One of the scarier symptoms of Alzheimer’s disease and related dementias is wandering, when someone will forget how to get to a certain place, or where they just came from, and become lost, confused, and possibly frightened. Caregivers can find this behavior extremely distressing, because a loved one will disappear and get lost, even in populated areas, and have no means of getting home. According to the Alzheimer’s Association, 60 percent of people with Alzheimer’s will wander away and become lost at some point.
Why would someone wander? Reasons include:
– Excess energy
– Trying to walk off discomfort
– Trying to find something
– Confusion, like believing incorrectly that there’s somewhere important to be
– Sundowning (click here)
Alzheimer’s disease and other dementias kill brain cells, slowly destroying a person’s memory. Immediate recall, or the most recent memories, are the first to go. This means the last thing you were doing is easiest to forget, which makes it easy to stand and start moving with the intention of doing something, and then forget your intention. Even people in the earliest stages of dementia can be prone to wandering.
Someone with dementia is easily disoriented, and crowded or unfamiliar settings can cause confusion and a strong desire to get away. As soon as your loved one starts walking, though, it’s possible to forget what just happened and become suddenly lost. The urge to go home can be strong, even for someone who is already home!
This problem, fortunately, can be managed by mindful caregiving. What follows are tips and tools for how to keep your loved one from wandering away.
Imagine the sensation of suddenly realizing you’ve lost your loved one. This is what it’s like to be caregiver to someone who wanders. The way you counteract it is by holding to a routine, which establishes normalcy, and planning. If you understand what wandering is, and the steps toward preventing it, you can drastically lower the potential for your loved one to wander, and you can have a plan of action if they do.
Check the Basics
Wandering may be caused by some essential need, like having to go to the bathroom, or being thirsty or hungry. Keeping your loved one comfortable can make a big difference.
See the Doc
Wandering may be caused by side-effects from medications, or delusions and hallucinations that come with dementia. See the doctor to rule these causes out, or for help addressing them.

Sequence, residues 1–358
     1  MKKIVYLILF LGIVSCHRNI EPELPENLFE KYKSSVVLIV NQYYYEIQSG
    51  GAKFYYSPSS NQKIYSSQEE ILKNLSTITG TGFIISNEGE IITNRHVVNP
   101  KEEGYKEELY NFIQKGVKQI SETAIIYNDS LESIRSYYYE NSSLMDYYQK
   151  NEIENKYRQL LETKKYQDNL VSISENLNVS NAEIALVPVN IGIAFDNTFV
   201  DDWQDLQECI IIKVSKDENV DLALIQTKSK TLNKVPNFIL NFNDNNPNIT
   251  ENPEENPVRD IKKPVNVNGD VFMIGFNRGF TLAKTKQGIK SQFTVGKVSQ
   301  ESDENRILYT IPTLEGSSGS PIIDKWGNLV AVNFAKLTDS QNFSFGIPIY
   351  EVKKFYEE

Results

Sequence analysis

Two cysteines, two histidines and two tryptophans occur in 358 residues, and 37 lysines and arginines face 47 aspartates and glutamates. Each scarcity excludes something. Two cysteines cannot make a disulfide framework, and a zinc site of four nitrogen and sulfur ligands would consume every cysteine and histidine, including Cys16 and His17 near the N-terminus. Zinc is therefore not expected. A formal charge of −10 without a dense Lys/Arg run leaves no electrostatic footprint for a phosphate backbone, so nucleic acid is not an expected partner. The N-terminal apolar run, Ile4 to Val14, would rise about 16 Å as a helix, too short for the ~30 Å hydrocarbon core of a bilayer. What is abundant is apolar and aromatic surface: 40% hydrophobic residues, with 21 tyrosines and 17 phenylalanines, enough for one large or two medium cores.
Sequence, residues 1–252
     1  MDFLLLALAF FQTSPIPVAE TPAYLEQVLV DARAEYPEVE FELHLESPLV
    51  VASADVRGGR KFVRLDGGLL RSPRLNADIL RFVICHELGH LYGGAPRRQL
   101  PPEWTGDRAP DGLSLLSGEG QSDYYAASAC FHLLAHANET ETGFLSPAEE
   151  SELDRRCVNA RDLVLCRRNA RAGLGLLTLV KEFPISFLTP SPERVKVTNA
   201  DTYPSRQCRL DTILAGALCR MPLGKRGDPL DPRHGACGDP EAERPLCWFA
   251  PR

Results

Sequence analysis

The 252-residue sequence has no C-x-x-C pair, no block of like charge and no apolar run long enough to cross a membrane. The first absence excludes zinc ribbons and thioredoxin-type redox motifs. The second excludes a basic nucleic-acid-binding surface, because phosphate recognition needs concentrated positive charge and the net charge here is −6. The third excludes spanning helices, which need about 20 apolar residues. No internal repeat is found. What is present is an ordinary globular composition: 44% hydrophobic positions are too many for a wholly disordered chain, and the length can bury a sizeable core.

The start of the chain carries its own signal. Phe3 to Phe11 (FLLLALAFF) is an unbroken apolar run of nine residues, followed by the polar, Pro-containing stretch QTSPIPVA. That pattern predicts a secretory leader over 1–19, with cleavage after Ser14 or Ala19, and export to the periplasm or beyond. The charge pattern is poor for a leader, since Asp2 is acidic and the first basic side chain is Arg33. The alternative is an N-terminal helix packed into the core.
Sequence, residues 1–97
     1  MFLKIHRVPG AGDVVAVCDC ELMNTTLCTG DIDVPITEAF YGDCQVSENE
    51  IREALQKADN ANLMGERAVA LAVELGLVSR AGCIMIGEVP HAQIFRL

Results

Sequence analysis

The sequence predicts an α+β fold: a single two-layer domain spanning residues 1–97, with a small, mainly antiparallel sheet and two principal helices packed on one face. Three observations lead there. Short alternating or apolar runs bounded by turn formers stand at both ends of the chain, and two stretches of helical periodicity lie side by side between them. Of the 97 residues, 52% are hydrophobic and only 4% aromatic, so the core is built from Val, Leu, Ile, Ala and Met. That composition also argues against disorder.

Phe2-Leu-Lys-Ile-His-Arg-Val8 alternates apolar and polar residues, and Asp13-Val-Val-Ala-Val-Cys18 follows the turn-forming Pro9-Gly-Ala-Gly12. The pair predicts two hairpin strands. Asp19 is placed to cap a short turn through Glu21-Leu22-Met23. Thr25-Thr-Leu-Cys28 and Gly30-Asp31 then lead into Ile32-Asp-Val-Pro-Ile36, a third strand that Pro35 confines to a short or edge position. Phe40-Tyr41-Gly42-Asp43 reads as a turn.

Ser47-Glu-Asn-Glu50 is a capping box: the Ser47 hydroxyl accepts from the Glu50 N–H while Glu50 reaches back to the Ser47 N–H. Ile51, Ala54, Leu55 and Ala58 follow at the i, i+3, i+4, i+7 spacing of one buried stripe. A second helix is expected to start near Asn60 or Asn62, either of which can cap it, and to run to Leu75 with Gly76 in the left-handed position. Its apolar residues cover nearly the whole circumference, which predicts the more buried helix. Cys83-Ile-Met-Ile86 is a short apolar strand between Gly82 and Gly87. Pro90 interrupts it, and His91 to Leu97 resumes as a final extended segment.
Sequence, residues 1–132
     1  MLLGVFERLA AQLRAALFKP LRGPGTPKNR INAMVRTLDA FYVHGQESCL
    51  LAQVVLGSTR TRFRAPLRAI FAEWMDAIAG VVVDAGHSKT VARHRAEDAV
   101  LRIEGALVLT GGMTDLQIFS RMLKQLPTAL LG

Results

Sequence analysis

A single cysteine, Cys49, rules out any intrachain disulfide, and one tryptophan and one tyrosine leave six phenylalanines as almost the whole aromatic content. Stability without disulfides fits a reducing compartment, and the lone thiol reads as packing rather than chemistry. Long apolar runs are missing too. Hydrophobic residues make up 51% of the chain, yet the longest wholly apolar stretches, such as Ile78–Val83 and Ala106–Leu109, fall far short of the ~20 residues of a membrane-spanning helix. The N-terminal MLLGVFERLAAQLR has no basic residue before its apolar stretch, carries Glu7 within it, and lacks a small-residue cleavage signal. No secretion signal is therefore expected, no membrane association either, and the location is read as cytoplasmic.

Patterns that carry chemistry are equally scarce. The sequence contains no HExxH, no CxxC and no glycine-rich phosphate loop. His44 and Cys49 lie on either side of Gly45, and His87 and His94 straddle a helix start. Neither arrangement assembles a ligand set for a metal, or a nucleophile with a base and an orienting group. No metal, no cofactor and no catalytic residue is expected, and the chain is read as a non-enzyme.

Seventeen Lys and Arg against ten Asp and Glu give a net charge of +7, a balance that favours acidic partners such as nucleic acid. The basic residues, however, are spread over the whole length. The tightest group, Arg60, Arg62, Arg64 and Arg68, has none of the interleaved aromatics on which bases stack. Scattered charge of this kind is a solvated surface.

If your loved one wanders, try to understand when and why. Look for patterns, and adjust accordingly. For example, if your loved one wanders because of restlessness, try going on more walks together. If it happens in the afternoon, fill that time with an activity.
Know your neighborhood, and where your loved one might wander to. Identify dangerous areas like stairwells, construction sites, bodies of water, and busy streets.
Know the Spots
Keep a list of familiar places your loved one might seek out, including church, favorite restaurants, friends’ homes, and former jobs.
Tell neighbors and local police that your loved one tends to wander, and ask they notify you immediately if they see your loved one out alone.
Keep a recent photo of your loved one, shot from about medium distance, to show authorities and others if necessary.
For the Dogs
Keep an article of your loved one’s clothes, unwashed, in a plastic bag, for use by police dogs to know the scent in the event of becoming so lost that dogs are necessary.
Fill the Time
Your loved one may wander at particular times of day. If you notice this, then try to fill those same times with activities like watching a favorite show or listening to music.
Have your loved one wear some sort of dementia identification at all times. ID jewelry (bracelets or necklaces) are best, because something like a card is easily lost. On the ID, include your loved one’s name, address, your phone number, and important medical information. You could also sew identification into clothing. (For more high-tech solutions, like GPS monitoring watches, see below.)
If you can’t find your loved one after 15 minutes, call 911. Tell police that a person with dementia is lost, and follow their instructions. First responders are trained for this situation.